Why you shouldn’t exclude print when marketing your business16th May 2017
In business, displaying the availability of our goods and services is vital. We must make use of any and all forms of meaningful communication to ensure that our messages are spread as far as possible to draw attention. Yet with so many of us constantly using mobile devices around the clock is there still a place for printed marketing material?
Print is here to stay
Despite the existence of numerous online tools, website builders and social media platforms, printed material still plays a major role in how we market our goods and services. This can be mind-boggling to some of us in the business community. Advertising online is often considered as an instant solution, enabling you to communicate with vast swathes of your chosen market cheaply. Yet, even with the odds stacked against it, print is here to stay.
The fact that many businesses are still using print, and that we’re even talking about it, should stand as a testament to its resilience. But the question you no doubt want answering is why?
The benefits of print
An age-old means of communication that has endured for centuries, it is certainly true that the demand for print has shrunk. Yet, in spite of it’s scale-down, it lingers on and continues to play a vital role in how we market. The reason for this is that print is effective in areas where online marketing fails to touch.
Although many of our consumers view products and services online, they still appreciate tangibility. From posters and cards to magazine entries, being to able to physically hold something is extremely useful in marketing. Why? Because once their eye has been caught they tend to remember it.
Many of your customers may have old magazines and newspapers lying around their homes, which is where print gains the upper hand over online form. Contained within these may be old adverts for goods and services that may yet still be available. Whilst you update your business’ online posts today, tomorrow they will get buried under another load of posts and so on. Yet with print, your advert is constant. Once it is on paper it is set.
Another advantage that print has over online methods of marketing is its appeal. Customers tend to view posters, decorated cards, magazine images and so on for much longer than an online post. Consequently, printed material tends to stick in people’s minds for longer. If you’re thinking of inserting an advert or article into a newspaper or magazine, you’ll need to get in contact with their editor. This can be easily achieved by creating a Media Contact Database account.
Plus, if it’s unusual it may even stimulate further chatter amongst your customers. Compare this to online marketing, where your customers tend to be much more impatient. So consider this, how often do you think they will stop to look at a random post squeezed into their feed whilst on the go? The answer, not often.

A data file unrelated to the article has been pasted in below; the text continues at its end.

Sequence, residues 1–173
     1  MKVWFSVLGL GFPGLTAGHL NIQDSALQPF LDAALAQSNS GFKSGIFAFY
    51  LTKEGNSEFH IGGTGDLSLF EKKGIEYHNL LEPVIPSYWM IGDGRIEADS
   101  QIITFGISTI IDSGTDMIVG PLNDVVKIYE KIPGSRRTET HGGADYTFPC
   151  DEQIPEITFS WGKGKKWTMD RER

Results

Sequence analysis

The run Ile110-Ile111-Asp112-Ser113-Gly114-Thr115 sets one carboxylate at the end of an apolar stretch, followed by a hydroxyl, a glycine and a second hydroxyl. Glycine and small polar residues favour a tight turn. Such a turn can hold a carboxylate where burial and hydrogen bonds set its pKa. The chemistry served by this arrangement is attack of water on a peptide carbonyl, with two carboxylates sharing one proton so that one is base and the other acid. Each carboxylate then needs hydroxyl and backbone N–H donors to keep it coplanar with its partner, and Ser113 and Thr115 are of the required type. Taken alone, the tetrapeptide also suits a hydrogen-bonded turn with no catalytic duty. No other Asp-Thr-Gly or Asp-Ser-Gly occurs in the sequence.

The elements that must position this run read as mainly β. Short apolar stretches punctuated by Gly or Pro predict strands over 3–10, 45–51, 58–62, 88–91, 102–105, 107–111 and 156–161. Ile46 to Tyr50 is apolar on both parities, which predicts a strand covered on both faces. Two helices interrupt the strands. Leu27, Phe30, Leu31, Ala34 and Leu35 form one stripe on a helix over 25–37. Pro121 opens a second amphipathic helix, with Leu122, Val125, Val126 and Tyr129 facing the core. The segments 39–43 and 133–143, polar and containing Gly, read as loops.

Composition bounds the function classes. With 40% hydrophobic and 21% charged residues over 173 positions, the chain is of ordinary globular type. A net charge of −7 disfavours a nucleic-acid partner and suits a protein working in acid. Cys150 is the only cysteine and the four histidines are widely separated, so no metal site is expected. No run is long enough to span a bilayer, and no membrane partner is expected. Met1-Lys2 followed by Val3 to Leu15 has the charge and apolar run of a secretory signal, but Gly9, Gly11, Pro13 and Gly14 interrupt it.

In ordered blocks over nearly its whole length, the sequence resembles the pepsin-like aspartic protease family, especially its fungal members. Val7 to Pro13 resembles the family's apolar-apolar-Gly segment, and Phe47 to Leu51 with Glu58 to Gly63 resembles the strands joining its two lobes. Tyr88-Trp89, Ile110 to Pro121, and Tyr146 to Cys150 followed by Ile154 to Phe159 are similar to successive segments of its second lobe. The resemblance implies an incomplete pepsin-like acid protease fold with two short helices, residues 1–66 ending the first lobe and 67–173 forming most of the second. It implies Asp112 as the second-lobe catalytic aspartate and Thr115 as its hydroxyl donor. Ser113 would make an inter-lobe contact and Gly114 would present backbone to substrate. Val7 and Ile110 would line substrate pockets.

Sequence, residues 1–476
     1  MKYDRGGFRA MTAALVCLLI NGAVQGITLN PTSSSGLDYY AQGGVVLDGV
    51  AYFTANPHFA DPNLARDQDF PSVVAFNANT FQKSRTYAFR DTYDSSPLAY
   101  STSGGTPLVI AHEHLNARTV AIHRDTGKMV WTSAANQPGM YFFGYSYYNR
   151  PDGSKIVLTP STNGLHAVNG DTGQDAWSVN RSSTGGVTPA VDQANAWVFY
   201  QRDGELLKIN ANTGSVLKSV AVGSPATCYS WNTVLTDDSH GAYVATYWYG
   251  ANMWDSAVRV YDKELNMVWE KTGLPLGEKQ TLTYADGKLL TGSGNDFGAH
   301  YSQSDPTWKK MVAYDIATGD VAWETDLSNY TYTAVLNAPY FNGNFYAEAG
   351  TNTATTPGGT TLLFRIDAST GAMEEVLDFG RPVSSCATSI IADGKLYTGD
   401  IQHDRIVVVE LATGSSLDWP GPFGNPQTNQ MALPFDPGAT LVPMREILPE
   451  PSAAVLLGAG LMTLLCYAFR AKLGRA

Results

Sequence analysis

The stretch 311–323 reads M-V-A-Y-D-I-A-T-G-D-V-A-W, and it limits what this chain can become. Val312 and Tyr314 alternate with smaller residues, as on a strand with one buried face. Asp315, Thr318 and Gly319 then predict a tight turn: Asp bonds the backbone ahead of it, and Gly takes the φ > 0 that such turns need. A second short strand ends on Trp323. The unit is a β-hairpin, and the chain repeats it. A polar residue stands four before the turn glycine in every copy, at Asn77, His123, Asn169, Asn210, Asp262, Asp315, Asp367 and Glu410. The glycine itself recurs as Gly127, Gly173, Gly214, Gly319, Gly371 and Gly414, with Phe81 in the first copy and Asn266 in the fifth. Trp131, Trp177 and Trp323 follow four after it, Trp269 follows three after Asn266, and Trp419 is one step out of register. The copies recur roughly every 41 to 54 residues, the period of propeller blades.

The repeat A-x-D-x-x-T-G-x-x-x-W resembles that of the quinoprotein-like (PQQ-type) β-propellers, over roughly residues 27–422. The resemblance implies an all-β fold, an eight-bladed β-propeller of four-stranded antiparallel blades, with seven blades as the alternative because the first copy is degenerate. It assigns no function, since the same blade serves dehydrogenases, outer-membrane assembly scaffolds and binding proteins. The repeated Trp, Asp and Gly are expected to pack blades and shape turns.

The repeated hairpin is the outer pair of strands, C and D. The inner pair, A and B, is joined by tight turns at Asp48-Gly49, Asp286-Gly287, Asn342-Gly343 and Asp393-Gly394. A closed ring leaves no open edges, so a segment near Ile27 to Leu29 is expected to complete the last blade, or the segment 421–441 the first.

Making the most of your marketing
Rather than narrowing your scope and choosing to employ an online versus print point of view, why not utilise them both? This way you can maximise the potential of your marketing campaigns. In fact, by doing so you can add a new angle of flexibility that you may not have thought of initially, earning you high levels of cash flow.
Some businesses are already blending the two together. By making use of the benefits of online marketing, physical advertisements can be rolled out much faster. This helps to better coordinate your campaign, ensuring that the message expressed remains consistent no matter what your customers see. Plus, print is a great way of displaying promotions and deals at short notice to your in-store customers.
Funding print marketing
Although online marketing offers plenty of ways to advertise cheaply, or even for free, displaying printed adverts will cost. You’re going to have to cover the cost incurred by the printing companies, employ people to go out and hang your posters. Plus if you’re going to have adverts displayed on billboards, buses and bus-stops, you’ll also have to factor in the fees. A standard billboard advert for 2 weeks could set you back around £500 – £600, whereas a poster at a bus stop could cost you £240 – £270 for the same time period.
Combine that with all the costs associated with marketing and you’re probably seriously thinking how your business is going to fund this? However, with Rangewell, we can help you find the perfect business finance package to suit your business needs, including Merchant Cash Advance.
Merchant Cash Advance:
In order to qualify for this means of finance, your business must be able to support credit and debit card payments using devices such as Chip & Pin. This is because the product relies on your monthly receivables or revenue. After reviewing 3 or more of your business’ consecutive monthly sales reports a potential finance lender may offer to purchase your potential earnings for one particular month, at a discount.
However, what makes this product stand apart from a business loan is how repayments are structured. If a lender was to offer you a rate of 18%, this means that they recover 18p for every £1 your card customers spend, until the product has been fully repaid. Consequently, if you make fewer sales in a particular month you pay less but should you experience more then you’ll pay more.
Our values are simple – We’re on your side. Our services are clear and transparent. We support a wide range of SME businesses of every shape and size, for finding every type of finance. Follow us on Twitter and LinkedIn for business tips and tricks, and feel free to call us on 0203 637 2340 if you’d like to chat about what we can do for you.
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